The IRS recently ruled that no gift is made, for federal gift tax purposes, when the grantor of a so-called "grantor trust" reports the trust's income in his or her personal income tax return and pays the resulting income tax liability.
Almost invariably when a taxpayer (the grantor) creates an irrevocable trust, he or she complies with rules which ensure that contributions will be treated as completed gifts, for gift tax purposes, but the value of the trust property, and any subsequent appreciation in its value, will be excluded from his or her estate for estate tax purposes.
However, somewhat more expansive rules determine whether the grantor must be treated, during his or her lifetime, as the owner of the trust property for federal income tax purposes. Such "grantor trust" income rules were enacted decades ago, when top marginal rates were as high as 91%. In response, in certain cases a taxpayer would transfer assets to dozens of trusts, each treated as a separate taxpayer, so that each trust would report modest amounts of income, subject to tax rates well below the grantor's personal income tax rate. The grantor trust rules were enacted as a reform feature to compel such a taxpayer to report any such trust's income as his or her own, whenever he or she retained certain powers over disposition of the trust's income, even if such powers were insufficient to cause re-inclusion of the trust property in his or her estate for estate tax purposes.
In recent years, high net worth taxpayers who create irrevocable trusts have often added administrative provisions to subject such trusts intentionally to the grantor trust rules. The taxpayer then reports the trust's income in his or her personal income tax return, even though the income is distributed (or held for future distribution) to the trust's beneficiaries. The economic result is the same as if (1) the trust or its beneficiaries paid such income taxes and (2) the grantor made additional contributions to the trust to reimburse the trust (or its beneficiaries) for such income tax payments.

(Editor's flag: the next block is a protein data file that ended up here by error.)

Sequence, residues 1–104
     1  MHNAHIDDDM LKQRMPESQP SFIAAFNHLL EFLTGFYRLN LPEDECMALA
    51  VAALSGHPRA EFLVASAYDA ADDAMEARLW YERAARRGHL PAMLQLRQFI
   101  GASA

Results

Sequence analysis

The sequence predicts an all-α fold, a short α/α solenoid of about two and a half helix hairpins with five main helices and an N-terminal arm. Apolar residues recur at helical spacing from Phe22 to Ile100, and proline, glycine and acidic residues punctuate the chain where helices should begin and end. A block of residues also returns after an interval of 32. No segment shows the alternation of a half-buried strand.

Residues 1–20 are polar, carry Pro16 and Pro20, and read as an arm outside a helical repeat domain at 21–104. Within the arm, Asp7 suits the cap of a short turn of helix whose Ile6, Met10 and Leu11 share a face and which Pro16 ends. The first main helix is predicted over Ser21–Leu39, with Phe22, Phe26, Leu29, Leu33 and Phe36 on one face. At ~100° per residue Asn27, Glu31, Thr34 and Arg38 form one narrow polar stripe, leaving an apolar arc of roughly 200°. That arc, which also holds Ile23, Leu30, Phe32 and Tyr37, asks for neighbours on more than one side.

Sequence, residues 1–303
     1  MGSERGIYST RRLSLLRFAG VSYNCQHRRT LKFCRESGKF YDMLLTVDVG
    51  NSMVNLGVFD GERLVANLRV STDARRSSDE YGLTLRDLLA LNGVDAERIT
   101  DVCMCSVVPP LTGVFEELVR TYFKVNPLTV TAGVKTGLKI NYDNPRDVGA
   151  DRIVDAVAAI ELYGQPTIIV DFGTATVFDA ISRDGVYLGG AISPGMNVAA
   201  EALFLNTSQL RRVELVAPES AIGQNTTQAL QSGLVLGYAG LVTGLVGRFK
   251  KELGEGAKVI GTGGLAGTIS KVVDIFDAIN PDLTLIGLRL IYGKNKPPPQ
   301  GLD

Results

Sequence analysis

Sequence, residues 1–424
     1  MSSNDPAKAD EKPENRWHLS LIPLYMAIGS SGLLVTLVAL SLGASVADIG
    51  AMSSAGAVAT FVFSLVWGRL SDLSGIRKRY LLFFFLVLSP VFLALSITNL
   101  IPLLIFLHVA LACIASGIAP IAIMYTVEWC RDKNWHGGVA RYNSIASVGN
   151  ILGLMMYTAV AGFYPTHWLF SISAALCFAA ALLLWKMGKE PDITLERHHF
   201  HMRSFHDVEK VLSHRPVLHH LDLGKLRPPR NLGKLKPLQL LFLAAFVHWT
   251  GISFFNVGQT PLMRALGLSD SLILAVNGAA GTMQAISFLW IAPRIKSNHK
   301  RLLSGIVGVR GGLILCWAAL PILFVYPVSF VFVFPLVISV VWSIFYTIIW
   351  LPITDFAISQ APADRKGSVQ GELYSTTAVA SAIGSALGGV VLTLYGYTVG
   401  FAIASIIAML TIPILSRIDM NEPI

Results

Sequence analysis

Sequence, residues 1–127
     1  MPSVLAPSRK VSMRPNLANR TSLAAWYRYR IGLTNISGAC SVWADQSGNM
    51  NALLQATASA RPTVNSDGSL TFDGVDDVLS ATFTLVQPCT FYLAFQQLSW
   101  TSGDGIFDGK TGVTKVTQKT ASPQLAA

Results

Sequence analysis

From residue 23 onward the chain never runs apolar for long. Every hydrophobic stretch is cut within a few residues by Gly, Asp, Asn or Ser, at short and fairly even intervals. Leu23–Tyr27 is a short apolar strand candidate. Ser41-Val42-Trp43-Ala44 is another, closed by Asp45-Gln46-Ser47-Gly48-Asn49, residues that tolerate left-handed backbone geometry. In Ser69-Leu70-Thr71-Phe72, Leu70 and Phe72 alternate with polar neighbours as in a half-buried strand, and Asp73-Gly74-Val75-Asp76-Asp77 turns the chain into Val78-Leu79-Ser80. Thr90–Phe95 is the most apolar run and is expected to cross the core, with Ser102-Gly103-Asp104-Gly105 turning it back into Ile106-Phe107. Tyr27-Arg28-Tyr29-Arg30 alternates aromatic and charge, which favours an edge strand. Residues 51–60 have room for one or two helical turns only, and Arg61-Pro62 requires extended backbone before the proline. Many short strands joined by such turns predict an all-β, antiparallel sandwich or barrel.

The IRS has now resolved perhaps the most important unanswered question regarding the tax consequences of such grantor trusts. Specifically, the grantor's payment of such income taxes is not a gift for federal gift tax purposes. This result obtains whether or not the trustee has discretion (or even an obligation) to reimburse the grantor for the income tax payment, provided only that the trustee is not "related or subordinate" to the grantor. Furthermore, no such reimbursement to the grantor will be treated as a gift back to the grantor from the trust's beneficiaries.
However, if the trust's provisions require reimbursement to the grantor of such income tax payments (or if state law requires such reimbursement, in the absence of contrary provisions in the trust instrument), the result is disastrous: the trust property will be re-included in the grantor's estate tax for estate tax purposes. Taxpayers should, therefore, consult with their legal counsel in determining when, if ever, to confer on the trustee a power--whether discretionary or mandatory--to reimburse the grantor for such income tax payments.
Transition Rule: Even if a trustee is compelled to reimburse the trust's grantor for such income tax payments, no federal estate tax will be assessed with respect to the assets of such a trust, if the trust is created prior to October 4, 2004. For those taxpayers interested, a window of opportunity will remain open until then. For all high net worth taxpayers, however, the IRS has resolved in their favor any lingering doubt that the full range of tax benefits attributable to use of such grantor trusts can be obtained without incurring any gift tax liability.